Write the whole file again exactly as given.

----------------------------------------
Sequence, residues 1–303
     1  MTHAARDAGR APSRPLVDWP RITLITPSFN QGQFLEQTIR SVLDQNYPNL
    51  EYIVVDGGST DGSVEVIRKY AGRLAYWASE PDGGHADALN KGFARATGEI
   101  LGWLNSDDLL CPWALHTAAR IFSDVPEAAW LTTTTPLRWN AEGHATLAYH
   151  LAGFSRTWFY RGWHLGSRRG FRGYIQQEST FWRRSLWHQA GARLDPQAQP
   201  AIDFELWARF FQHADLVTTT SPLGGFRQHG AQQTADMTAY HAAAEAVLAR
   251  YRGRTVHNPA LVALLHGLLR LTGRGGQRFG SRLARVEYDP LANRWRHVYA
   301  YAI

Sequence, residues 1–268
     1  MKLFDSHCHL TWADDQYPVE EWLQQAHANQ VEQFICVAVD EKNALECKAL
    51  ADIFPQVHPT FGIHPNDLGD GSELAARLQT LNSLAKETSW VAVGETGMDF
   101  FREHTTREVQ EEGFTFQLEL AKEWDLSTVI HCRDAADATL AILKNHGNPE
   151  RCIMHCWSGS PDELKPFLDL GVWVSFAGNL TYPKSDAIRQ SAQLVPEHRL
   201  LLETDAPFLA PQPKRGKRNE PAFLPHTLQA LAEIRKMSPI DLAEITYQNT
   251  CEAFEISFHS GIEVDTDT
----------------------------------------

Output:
Sequence, residues 1–303
     1  MTHAARDAGR APSRPLVDWP RITLITPSFN QGQFLEQTIR SVLDQNYPNL
    51  EYIVVDGGST DGSVEVIRKY AGRLAYWASE PDGGHADALN KGFARATGEI
   101  LGWLNSDDLL CPWALHTAAR IFSDVPEAAW LTTTTPLRWN AEGHATLAYH
   151  LAGFSRTWFY RGWHLGSRRG FRGYIQQEST FWRRSLWHQA GARLDPQAQP
   201  AIDFELWARF FQHADLVTTT SPLGGFRQHG AQQTADMTAY HAAAEAVLAR
   251  YRGRTVHNPA LVALLHGLLR LTGRGGQRFG SRLARVEYDP LANRWRHVYA
   301  YAI

Sequence, residues 1–268
     1  MKLFDSHCHL TWADDQYPVE EWLQQAHANQ VEQFICVAVD EKNALECKAL
    51  ADIFPQVHPT FGIHPNDLGD GSELAARLQT LNSLAKETSW VAVGETGMDF
   101  FREHTTREVQ EEGFTFQLEL AKEWDLSTVI HCRDAADATL AILKNHGNPE
   151  RCIMHCWSGS PDELKPFLDL GVWVSFAGNL TYPKSDAIRQ SAQLVPEHRL
   201  LLETDAPFLA PQPKRGKRNE PAFLPHTLQA LAEIRKMSPI DLAEITYQNT
   251  CEAFEISFHS GIEVDTDT